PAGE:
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Joe Kennedy’s First Marriage: Still On

4 minute read
Jeff Israely/Rome

The most controversial “marriage that never was” in recent U.S. political history is back. Sources tell TIME that the Vatican has reversed the annulment of Joseph P. Kennedy II’s marriage to Sheila Rauch. The annulment had been granted in secrecy by the Catholic Church after the couple’s 1991 no-fault civil divorce. Rauch found out about the de-sanctification of their marriage only in 1996, after Kennedy had been wedded to his former Congressional aide, Beth Kelly, for three years.

The annulment was the subject of Rauch’s 1997 book Shattered Faith, which lambasted her ex-husband and was severely critical of the Catholic Church’s proceedings, which made the marriage (which had produced twin boys) null and void in the eyes of the church. Rauch argued that Kennedy was able to unilaterally “cancel” nearly 12 years of marriage because of his clan’s influence in the church. Kennedy argued at the time that the annulment was the right thing to do in religious terms. Few observers thought the appeal to Rome by Rauch, an Episcopalian, had a chance against the well-connected Kennedy. With women’s groups loudly on Rauch’s side, the controversy may have contributed to Kennedy’s decision to give up his plans to seek re-election to Congress in 1998.

Reached by TIME in her Massachusetts home on Tuesday, Rauch said that she had just recently been informed by Boston Archdiocese officials of her successful appeal. “I am very pleased,” she told TIME. “There was a real marriage. It was a marriage that failed, but as grown-ups we need to take responsibility for that. The [annulment] process was dishonest, and it was important to stand up and say that.” But Rauch says she worries that the practice, particularly in the U.S., of giving what she called “easy annulments” will continue. “They don’t give people a fair defense. The Boston Archdiocese doesn’t even tell you that you can appeal to Rome.” Reached by TIME, Kennedy’s office provided no reaction from the former Congressman.

Erroneously dubbed “Catholic divorce,” an annulment in fact holds that a failed marriage was never valid in the eyes of the Church. With divorce strictly prohibited in Catholicism, annulments allow Catholics to remarry before a priest and continue receiving the sacraments. Several years after his 1991 civil divorce to Rauch, Kennedy obtained an annulment from a Church tribunal in Massachusetts so he could have a Church ceremony with Kelly. The couple had already been married in a 1993 civil ceremony, but needed the Roma Rota appeals tribunal at the Vatican to uphold the Massachusetts annulment verdict before they could be married by a priest. Now with Rauch’s successful appeal, that cannot happen, unless Kennedy wins a counter-appeal.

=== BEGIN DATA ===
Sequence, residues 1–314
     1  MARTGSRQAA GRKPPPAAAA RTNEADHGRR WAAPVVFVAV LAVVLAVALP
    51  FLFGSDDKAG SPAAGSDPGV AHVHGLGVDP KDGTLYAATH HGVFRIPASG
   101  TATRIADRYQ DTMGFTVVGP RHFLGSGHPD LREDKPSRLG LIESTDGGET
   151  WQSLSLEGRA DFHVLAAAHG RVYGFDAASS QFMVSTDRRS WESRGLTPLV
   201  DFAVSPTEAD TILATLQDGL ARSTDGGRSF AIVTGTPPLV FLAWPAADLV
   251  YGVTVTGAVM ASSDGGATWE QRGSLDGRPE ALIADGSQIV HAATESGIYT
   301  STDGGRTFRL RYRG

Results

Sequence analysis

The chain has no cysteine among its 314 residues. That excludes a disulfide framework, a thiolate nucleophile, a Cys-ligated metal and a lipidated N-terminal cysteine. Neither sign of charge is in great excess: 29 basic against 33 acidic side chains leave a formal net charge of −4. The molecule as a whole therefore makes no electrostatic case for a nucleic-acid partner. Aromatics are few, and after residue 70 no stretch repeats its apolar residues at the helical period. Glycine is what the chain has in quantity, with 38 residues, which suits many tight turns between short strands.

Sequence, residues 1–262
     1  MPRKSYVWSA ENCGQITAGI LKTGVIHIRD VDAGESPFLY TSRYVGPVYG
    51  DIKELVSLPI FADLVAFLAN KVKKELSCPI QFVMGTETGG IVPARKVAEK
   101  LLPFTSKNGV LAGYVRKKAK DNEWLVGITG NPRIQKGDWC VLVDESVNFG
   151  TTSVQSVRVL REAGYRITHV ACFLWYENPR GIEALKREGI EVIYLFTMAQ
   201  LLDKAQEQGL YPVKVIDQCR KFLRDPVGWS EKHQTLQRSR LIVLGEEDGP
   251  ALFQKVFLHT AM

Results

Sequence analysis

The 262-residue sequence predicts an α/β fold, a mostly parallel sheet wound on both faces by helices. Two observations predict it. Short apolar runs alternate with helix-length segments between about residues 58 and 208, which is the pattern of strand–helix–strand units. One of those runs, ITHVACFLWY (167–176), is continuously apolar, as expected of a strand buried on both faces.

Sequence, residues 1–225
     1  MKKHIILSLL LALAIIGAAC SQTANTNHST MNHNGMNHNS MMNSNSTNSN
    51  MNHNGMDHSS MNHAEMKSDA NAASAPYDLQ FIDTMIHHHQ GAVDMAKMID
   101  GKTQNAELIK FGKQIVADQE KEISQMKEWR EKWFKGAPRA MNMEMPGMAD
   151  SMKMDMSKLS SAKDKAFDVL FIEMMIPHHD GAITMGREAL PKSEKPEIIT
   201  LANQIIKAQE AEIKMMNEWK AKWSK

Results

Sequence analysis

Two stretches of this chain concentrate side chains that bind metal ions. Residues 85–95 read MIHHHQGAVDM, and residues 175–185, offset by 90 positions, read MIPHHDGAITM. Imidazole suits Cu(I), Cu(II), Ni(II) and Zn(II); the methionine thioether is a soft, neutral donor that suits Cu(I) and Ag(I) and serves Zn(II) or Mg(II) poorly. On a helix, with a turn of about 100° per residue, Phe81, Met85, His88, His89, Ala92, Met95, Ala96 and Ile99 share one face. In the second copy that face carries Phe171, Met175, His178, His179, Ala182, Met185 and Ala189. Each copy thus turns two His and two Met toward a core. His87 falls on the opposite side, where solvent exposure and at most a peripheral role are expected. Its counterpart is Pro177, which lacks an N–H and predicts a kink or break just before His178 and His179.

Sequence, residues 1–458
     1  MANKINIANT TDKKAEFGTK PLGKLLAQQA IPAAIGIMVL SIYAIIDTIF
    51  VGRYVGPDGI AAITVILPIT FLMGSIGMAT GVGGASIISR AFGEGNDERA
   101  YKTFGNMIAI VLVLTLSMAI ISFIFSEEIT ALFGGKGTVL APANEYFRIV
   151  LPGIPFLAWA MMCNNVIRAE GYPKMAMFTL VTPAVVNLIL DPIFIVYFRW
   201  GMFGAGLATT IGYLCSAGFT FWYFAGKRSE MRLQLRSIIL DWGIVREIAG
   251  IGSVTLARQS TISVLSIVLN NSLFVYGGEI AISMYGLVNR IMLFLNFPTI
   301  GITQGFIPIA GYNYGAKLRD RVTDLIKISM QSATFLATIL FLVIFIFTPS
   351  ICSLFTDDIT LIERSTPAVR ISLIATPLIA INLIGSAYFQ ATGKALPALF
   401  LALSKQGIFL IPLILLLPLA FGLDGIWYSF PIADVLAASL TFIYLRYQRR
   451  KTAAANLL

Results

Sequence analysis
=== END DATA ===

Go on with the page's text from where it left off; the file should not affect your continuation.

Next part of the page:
The Roma Rota’s ruling, written in Latin, was reached in 2005, and had been kept secret while the official written notice was being prepared, said a source in Rome familiar with the case. Rauch’s successful appeal effectively reinstates the Kennedy-Rauch marriage in the eyes of the Vatican. The case once again highlights this unique Catholic Church proceeding. Some 75% of annulments each year are from the United States, where there are an estimated 8 million divorced and remarried Catholics. The subject came up in the 2004 Presidential campaign after word spread that John Kerry had obtained an annulment of his first marriage. Another prominent Catholic who has had a marriage annulled is former New York City Mayor Rudolph Giuliani, who is now running for the Republican Presidential nomination.

At the Vatican, Pope Benedict XVI has indicated that he wants to streamline the Roma Rota to respond to the desire of divorced Catholics to stay inside the Church. But there is also concern that some Catholics, particularly in the U.S., abuse the practice. “People think it’s their right,” says one Rome-based canon lawyer. He adds sternly, “It’s not a right.”

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